A helmet is also a good idea - although don't be fooled - none stop bullets. Here's also a big misunderstanding - your biggest threat is not from a bullet, but from shrapnel - the biggest killer on the battlefield. Very few soldiers die from gunshot wounds - most wounds are inflicted by shrapnel - ergo the need to neck, shoulder, and groin protectors - as well as helmets.

You can start looking at if you don't know where to start for a vest. Don't be surprised if there is a 2 to 4 week waiting period given the current demand. Also I hear that vests are being confiscated at the airports in Iraq…

Photo by Vincent Laforet/The New York Times

Photo by Vincent Laforet/The New York Times

New York Times photographer James Hill and his gas mask.
Gas Mask: Get one that's intended for Bio-Chem warfare. Ideally get one that is easy to put on fast - mine has a piece of fabric connected to the rubber straps with a loop on it - so I can quickly pull if over my face. I keep the straps on the front of the mask so I can quickly put the mask on my face and the worry about getting the straps rights.

The best piece of gear you can buy for it (besides a spare gas canister) is a bag similar to the ones all the police forces have on the streets out there today - it's a bag that hooks onto your belt and ties onto your quadriceps (kind of like a gun holster) - ergo the mask is always with you. If you come under attack from a gas attack, all you most likely will need is your gas mask - YOU HAVE 9 SECONDS.

So having it at the bottom of your backpack won't do you any good. Speaking of mask - put your hand over the canister to block the airflow and make sure you have a good seal - and shave that beard off guys. The rule is more than one day's growth and you won't have a good seal.

Bio Chem suits: There are many different flavors… best thing is: try it on before you need it… Also remove it from the airtight packaging - getting that stuff off can take an eternity… One-piece suits are harder to put on for some.

There are two kinds - fabric ones with coal on the inside. The advantage is that those dissipate heat and moisture better - and you'll be able to function in them. They also absorb any liquids so that you don't transfer them as easily onto other things through contact. Plastic ones take up less space - but the heat will kill you. You won't be able to function for long in 120º weather. They're of course easier to rinse off though - but also subject to tear.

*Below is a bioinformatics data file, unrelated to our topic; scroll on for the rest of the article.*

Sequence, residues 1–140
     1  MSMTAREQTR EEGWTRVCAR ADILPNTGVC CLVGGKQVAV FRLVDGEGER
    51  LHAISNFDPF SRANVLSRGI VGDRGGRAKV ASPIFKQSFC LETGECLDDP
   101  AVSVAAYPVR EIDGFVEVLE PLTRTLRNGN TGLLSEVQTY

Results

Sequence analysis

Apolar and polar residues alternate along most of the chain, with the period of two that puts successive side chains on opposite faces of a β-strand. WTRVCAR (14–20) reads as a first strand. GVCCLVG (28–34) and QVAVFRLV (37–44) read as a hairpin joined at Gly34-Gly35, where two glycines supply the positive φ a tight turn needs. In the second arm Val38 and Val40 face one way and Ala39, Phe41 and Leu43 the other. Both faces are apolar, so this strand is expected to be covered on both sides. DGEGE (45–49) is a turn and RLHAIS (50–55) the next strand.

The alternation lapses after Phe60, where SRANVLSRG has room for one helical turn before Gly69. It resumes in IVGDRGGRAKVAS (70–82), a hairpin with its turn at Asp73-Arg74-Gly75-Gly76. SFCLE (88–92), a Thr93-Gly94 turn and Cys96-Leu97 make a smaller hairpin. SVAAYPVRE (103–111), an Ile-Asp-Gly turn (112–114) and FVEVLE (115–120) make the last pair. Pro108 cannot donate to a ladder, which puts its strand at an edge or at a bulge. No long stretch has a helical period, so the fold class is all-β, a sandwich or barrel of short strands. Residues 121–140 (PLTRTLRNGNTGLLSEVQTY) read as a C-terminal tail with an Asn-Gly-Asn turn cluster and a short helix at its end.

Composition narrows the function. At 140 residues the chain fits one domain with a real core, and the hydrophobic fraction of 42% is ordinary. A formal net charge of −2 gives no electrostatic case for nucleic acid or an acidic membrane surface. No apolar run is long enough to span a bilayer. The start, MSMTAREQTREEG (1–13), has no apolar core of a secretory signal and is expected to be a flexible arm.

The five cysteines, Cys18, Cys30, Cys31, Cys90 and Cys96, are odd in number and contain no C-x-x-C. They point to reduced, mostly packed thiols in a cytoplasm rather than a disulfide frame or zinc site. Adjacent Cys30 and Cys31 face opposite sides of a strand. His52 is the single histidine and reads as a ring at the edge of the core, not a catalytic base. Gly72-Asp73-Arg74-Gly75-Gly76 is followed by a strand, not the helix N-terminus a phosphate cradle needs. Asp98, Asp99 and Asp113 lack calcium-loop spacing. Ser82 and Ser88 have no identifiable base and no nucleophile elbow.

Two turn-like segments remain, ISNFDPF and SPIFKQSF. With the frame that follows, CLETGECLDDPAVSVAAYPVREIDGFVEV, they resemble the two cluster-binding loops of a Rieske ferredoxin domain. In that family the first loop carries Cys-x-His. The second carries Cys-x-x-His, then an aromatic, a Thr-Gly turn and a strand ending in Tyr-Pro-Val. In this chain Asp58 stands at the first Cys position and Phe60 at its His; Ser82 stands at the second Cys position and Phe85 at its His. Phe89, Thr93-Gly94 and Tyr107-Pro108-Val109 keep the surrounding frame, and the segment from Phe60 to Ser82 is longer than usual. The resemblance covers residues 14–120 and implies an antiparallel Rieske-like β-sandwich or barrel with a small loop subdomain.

If you need to put tape on them to seal them better - remember that you may tear them when your remove the tape… so make sure it's not a false alarm. Don't forget rubber gloves, with a small cotton pair inside, as well as boots or booties. More importantly you'll want to get hold of a decontamination powder or pad to stop the liquids from corroding their way through the suits… they also make patches that you apply on your car or person that change color when they're exposed to certain agents. Remember - some are invisible and have no distinguishable scent… also; you'll need to know what kind of agent you've been exposed to, so that you can take the necessary course of action.

Sat Phone: You have a few options. At The Times we use a R-BGANs or Thrane & Thrane high-speed sat phones - which send pix back faster than on a phone line - at $7/minute. Or you can avoid carrying another suitcase with you (for Thrane & Thrane - RBGans are the size of an Ibook - but has no voice capability) and go for a handheld Thuraya.

These phones are a little bigger than cell phones - but they're incredibly mobile… the units cost 1/5th the price of the Thranes and run at under $1/minute. What you gain in the smaller size you lose in transmission speed - 9600bps - or roughly 8-10 minutes per picture. You can't use these phones in the US hemisphere either - but they work great in the Middle East - as the satellite is owned by a Saudi Arabian company. Needless to say make sure you have your computer configured to work before you leave on your trip.

Boots: Gore-Tex isn't good out there. And wearing military desert boots may not be the brightest idea either. I've opted for leather Rockports - because it is comfortable and do well in hot and cold weather - don't forget it gets VERY cold in the desert at night. In fact, some of the British Special Forces fell victim to frostbite at night when they were tracking down SCUD missiles 12 years ago. Some of my friends that our embedded with the military are recommending you go to an Army surplus and get the tan boots they sell.

Therefore bring warm weather clothes - and some cold weather clothes - see where the Sherpas come in? Stay away from bright colors or anything that will make you stand out - as well as synthetic materials - as they melt onto the body…

Bring antibiotics, and any prescription medicine you might need (enough for 3 months) and medicine for Malaria, which is prevalent in the Middle East. Note: I hear that you should stay away from Larium - as it may give you really funky dreams or worse - Malarone medication is what you need to look into or some other medicine. Cipro is not such a bad idea either. I also recommend trying to get your doctor to write you a prescription for Zythromax - a great anti-biotic for any upper-respiratory infection.